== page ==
Yoshihiro Yagi


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YOSHIHIRO YAGI, EXECUTIVE CREATIVE DIRECTOR AT DENTSU INC., IS A RENOWNED FIGURE IN THE ADVERTISING INDUSTRY, KNOWN FOR HIS INNOVATIVE AND ARTISTIC APPROACH. An award-winning creative, Yagi has received numerous accolades, making him one of the most respected creatives in Asia.

Starting as an art director, Yagi quickly made a name for himself by blending traditional Japanese aesthetics with modern advertising techniques. His work for clients like East Japan Railway, Panasonic, and Honda has been acclaimed for its visual impact and creativity.

In 2024, Yagi was instrumental in Dentsu's new global brand proposition, ‘Innovating to Impact’; highlighting the company's commitment to transformative creativity.

Yagi’s philosophy emphasizes simplicity and emotional resonance, valuing intuitive and subjective design over purely data-driven approaches. His projects, like the redesign of Pocky as a communication tool, demonstrate innovative thinking and an eye for brand redefinition.

With Yagi’s My Japan Railway campaign set to steam through Cannes this year, his status as an icon and innovator is certain. Here, he speaks on his first Grand Prix win and cites a certain Jedi Master as an influence.

What’s your favourite piece of work from the last 12 months?

Every year, I am in charge of the design for a Cannes Lions exhibition at the Ad Museum in Tokyo.

It is a great learning experience for all my teammates, and I am grateful for it, so I’d say it’s this.

How long have you been coming to Cannes, and what’s your fondest memory of the festival?

About 15 years. Not every year, of course.

I've been a judge, a speaker, and even when I'm not, the festival is a source of inspiration for me.

The most memorable moment was being on stage with the director, cameraman, and many of the team to receive a Grand Prix. Cannes is a long way from Japan, so it was quite a miracle to have everyone there at the same time.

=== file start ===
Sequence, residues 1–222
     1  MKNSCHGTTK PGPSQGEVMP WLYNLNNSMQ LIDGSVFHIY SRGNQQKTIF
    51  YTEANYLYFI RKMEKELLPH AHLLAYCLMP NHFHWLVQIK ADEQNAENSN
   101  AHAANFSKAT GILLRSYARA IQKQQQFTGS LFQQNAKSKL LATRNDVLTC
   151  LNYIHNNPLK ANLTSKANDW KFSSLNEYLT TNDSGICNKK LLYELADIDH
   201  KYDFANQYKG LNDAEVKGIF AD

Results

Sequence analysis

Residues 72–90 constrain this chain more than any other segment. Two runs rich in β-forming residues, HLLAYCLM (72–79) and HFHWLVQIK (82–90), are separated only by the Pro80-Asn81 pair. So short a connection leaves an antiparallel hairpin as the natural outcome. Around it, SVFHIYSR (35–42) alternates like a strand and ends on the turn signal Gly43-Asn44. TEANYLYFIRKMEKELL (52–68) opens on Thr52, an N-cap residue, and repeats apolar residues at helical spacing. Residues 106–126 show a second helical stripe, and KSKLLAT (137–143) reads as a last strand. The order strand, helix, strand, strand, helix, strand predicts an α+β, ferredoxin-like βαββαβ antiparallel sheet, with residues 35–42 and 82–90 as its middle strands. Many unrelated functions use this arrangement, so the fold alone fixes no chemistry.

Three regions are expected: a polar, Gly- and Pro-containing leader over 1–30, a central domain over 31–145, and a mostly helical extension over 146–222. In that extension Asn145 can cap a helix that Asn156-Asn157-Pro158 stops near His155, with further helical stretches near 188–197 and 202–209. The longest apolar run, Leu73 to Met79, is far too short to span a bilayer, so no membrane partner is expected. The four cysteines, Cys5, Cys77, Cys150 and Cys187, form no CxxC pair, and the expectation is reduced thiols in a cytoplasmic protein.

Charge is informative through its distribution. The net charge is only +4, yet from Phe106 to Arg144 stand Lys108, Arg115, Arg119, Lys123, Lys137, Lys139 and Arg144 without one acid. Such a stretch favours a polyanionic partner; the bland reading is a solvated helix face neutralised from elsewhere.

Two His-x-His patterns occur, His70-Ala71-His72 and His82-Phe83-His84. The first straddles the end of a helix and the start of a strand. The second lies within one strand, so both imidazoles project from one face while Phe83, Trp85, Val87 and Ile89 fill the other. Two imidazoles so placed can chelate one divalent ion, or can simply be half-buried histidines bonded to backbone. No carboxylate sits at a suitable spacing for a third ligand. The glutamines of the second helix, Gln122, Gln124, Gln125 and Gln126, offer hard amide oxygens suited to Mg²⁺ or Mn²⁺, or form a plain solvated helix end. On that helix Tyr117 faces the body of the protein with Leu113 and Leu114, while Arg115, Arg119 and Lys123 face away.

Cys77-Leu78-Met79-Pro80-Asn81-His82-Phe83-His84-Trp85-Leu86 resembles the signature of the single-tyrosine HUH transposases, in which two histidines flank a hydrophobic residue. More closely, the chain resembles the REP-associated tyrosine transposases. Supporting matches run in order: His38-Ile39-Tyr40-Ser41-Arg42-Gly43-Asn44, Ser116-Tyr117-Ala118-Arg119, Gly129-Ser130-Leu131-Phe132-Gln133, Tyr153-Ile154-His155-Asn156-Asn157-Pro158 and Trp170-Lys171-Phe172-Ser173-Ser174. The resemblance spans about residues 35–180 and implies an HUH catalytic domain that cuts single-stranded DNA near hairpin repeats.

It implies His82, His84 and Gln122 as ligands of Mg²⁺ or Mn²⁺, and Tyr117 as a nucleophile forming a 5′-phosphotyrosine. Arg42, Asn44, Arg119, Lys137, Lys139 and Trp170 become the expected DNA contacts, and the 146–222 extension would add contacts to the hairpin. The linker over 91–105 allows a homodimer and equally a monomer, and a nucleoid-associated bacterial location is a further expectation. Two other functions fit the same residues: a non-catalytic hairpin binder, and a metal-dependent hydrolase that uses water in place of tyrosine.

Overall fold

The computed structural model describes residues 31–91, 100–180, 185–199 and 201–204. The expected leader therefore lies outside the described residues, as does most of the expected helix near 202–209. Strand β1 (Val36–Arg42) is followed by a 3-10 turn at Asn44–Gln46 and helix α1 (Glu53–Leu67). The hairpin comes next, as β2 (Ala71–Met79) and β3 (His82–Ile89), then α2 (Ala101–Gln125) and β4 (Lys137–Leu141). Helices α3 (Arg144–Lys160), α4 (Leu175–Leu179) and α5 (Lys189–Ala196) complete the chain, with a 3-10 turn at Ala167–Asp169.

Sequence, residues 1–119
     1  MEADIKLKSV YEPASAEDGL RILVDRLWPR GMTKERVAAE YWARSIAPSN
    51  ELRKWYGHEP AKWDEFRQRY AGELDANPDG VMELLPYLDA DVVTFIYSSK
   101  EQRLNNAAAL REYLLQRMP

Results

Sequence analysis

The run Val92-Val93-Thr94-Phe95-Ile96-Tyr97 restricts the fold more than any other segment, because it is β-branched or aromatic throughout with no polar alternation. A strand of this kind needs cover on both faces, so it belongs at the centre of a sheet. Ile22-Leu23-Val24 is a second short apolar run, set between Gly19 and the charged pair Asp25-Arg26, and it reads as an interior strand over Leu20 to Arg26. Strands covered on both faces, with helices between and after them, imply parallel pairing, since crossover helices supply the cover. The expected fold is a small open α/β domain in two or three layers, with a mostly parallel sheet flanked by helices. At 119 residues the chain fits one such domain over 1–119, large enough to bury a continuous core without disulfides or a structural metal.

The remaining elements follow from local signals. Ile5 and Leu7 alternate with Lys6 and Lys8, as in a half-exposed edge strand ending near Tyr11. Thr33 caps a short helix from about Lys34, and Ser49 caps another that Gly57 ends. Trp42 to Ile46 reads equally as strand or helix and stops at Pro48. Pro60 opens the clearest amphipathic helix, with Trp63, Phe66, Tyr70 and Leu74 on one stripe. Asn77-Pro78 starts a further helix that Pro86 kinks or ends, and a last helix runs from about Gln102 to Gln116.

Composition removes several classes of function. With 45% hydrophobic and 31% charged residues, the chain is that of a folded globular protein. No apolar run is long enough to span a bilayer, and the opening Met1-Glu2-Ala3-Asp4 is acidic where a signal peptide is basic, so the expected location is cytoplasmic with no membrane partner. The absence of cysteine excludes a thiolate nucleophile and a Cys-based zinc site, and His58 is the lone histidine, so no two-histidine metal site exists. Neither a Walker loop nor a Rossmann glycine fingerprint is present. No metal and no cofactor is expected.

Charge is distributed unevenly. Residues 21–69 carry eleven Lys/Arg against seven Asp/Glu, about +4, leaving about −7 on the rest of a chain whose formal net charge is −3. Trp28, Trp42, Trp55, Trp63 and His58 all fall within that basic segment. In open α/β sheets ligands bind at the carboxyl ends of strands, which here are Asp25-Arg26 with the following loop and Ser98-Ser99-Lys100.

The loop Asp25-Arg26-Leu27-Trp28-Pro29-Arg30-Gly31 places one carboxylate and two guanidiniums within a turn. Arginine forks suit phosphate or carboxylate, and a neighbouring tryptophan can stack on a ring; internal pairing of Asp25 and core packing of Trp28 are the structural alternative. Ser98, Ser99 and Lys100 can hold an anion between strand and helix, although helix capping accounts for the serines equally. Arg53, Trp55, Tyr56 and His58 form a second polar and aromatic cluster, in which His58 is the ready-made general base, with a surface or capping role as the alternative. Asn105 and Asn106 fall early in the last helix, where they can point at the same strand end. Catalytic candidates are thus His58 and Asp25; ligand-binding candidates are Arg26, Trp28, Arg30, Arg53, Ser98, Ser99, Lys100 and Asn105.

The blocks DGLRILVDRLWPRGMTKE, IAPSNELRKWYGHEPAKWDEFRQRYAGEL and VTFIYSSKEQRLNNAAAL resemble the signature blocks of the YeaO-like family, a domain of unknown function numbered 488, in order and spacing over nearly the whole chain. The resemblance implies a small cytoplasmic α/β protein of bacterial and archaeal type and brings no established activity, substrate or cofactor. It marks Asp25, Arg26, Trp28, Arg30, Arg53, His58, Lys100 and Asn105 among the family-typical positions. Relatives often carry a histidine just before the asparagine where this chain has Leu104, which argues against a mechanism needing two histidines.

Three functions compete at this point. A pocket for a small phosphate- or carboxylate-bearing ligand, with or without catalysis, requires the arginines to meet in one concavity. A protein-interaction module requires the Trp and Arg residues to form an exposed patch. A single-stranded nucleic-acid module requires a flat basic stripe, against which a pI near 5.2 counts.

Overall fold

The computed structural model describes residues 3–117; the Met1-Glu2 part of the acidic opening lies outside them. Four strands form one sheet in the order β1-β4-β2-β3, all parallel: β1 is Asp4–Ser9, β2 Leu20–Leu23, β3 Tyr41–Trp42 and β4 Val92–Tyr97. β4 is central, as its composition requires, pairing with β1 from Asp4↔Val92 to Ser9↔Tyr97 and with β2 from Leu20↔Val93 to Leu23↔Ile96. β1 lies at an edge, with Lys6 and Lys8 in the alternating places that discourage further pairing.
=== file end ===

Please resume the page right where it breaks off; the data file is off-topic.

Are awards important?

I believe that we need a variety of feedback to help us grow.

And being judged by different perspectives from around the world allows us to get in touch with our true potential.

If there was one thing you could change about the advertising industry, what would it be?

Ensure the ethical standards of all individuals.

Who or what has most influenced your career?

Master Yoda. (laughs)

The Cannes Lions festival is also important to me because it gives me a sense of being connected to others around the world.

What piece of work makes you think, ‘I wish I’d made that’?

I have always loved Evian's Water Boy film.

Such a perfect idea, cute, cool, and good music,

It's the best.

Tell us one thing about yourself that most people won’t know.

I would like to introduce my two sons, Minato and Keito.

Minato means “a wide harbor” and keito means “the song of the valley.”

We named the boys in relation to the circulation of water and nature: how mountain streams flow into the ocean, where it becomes rain and eventually goes back to the mountains.


Over the course of this week we will be celebrating some of the people who are at the heart of advertising's creative landscape, those who - whether creatives, directors, producers or other craftspeople - have made a lasting impact on the business.

Alongside specially commissioned portraits, taken by photographer Julian Hanford, we will be asking our subjects about the work they most admire, both new and old, what Cannes means to them, and what they might change about the industry if they could.

This interview series was created with



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Icons + Innovators. Yoshihiro Yagi, Dentsushots